It’s easy to notice the increasing demand for residential property in Qatar due to the upcoming FIFA World Cup Qatar 2022 that’s to be held in November. Hand in hand with that, there was a noticeable rise in residential rents in the country in the first quarter of the year as well.
In its latest Real Estate Market Review, Qatar Q1 2022, global real estate advisory company Cushman and Wakefield predicted the continuation of the growth of residential rents, as availability is expected to decline even more towards the end of the year.
The Supreme Committee and Legacy have reserved accommodation to house fans that are coming to the tournament, which has, as a result, increased the demand for residential property. In the period leading to the tournament, the corporate groups have also shown a high demand when it comes to securing the much-needed housing for the staff.
According to this report, the impact of the increased demand for rentals has been evident in prime apartments especially, where these new rental levels have climbed by 10% to 15% in the last year.
In their report, Cushman and Wakefield claims that rental increases have been noticeably evident in villa compound, although not to the same extent, as most compounds have had strong occupancy for the past two years. Further in the report, the firm claims that, in certain Doha compounds, rents have risen by 2% to 5% as a result of recent renewals and new lettings.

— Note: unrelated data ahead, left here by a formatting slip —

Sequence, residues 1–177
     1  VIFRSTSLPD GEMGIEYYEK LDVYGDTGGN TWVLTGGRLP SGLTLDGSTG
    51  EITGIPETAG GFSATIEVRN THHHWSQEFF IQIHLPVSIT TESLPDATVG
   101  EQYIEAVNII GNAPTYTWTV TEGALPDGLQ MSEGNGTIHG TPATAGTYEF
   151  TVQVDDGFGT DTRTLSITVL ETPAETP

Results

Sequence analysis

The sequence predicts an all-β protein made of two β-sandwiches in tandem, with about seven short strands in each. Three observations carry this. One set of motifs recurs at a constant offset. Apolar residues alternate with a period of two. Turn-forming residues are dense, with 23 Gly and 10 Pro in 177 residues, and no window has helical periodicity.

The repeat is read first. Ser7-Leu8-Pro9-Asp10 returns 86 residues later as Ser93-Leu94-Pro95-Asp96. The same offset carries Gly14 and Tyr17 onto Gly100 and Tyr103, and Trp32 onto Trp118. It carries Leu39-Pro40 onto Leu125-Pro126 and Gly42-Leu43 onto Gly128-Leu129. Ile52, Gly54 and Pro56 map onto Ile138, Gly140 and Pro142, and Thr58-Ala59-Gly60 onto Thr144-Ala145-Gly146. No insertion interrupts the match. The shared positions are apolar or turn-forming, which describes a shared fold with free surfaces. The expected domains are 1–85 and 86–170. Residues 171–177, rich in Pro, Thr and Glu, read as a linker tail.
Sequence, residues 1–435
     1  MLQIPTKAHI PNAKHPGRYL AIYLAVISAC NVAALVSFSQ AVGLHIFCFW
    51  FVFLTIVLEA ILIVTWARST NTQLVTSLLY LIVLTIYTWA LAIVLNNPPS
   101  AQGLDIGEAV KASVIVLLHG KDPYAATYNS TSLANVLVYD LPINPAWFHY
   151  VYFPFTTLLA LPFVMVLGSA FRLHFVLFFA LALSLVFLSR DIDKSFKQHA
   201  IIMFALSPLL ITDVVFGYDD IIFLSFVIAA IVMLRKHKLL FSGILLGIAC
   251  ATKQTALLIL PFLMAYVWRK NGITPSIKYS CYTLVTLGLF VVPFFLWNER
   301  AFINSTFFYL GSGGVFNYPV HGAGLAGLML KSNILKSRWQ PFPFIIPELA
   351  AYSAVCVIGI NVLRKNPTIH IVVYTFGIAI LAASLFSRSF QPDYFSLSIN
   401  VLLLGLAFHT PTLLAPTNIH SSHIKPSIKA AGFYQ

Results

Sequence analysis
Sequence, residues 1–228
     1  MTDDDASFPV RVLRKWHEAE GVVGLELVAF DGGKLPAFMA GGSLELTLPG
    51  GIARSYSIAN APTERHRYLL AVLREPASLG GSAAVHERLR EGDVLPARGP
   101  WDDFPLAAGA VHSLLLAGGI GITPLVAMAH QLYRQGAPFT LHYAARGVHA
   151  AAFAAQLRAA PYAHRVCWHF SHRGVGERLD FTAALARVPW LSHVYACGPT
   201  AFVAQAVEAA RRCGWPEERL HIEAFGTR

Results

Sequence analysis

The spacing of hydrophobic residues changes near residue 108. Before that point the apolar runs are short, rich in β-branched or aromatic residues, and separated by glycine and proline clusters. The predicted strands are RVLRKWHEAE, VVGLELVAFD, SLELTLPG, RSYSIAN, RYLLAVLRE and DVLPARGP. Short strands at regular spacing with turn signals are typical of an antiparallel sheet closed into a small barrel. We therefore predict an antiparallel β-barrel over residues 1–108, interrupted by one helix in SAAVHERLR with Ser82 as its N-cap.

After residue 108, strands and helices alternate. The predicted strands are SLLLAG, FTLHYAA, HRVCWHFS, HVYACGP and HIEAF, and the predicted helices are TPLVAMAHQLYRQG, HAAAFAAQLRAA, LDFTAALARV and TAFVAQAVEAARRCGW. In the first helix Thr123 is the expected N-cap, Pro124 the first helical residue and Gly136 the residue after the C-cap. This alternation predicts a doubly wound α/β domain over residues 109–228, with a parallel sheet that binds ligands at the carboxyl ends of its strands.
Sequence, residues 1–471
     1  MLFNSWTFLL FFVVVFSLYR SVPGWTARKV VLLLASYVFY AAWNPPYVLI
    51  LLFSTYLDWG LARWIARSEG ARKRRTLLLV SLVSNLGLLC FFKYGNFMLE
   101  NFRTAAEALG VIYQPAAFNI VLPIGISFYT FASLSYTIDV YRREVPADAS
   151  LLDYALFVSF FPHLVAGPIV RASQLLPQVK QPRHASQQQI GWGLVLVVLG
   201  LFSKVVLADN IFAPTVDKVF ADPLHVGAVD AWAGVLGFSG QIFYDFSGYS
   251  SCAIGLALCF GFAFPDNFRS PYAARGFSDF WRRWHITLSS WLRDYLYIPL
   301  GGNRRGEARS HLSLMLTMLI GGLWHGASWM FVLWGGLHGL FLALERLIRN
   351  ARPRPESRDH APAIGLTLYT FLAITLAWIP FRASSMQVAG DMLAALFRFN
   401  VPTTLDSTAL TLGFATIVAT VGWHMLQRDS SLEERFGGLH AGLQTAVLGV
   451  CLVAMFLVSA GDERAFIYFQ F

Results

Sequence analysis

Since 2015, residential supply has risen by 5.2% per annum in Qatar to date.
Further in the report, Cushman and Wakefield add that monthly asking rates for empty apartments in the Pearl-Qatar currently range anywhere from QR9,000 to QR10,000 for a one-bedroom unit to QR16,000 to QR19,000 for a three-bedroom unit.
When it comes to the apartments in older buildings, in neighborhoods such as Bin Mahmoud, they can be leased for around QR5,500 for a one-bedroom apartment and QR8,500 for a three-bedroom one closer to the city center.
Although conventional three-bedroom compound villas rent for between QR14,000 and QR16,000 monthly, while larger ones go anywhere between QR17,000 and QR21,000.
According to a different report released by the Planning and Statistics Authority (PSA), the number of residential sales transactions declined by 22% in January and February compared to the same months in the past year.
All of this came after a 30% year-over-year drop in December, showing that the pace of residential property sales has slowed following the period of the sudden increase in 2020 and 2021, as claimed by Cushman and Wakefield’s quarterly report.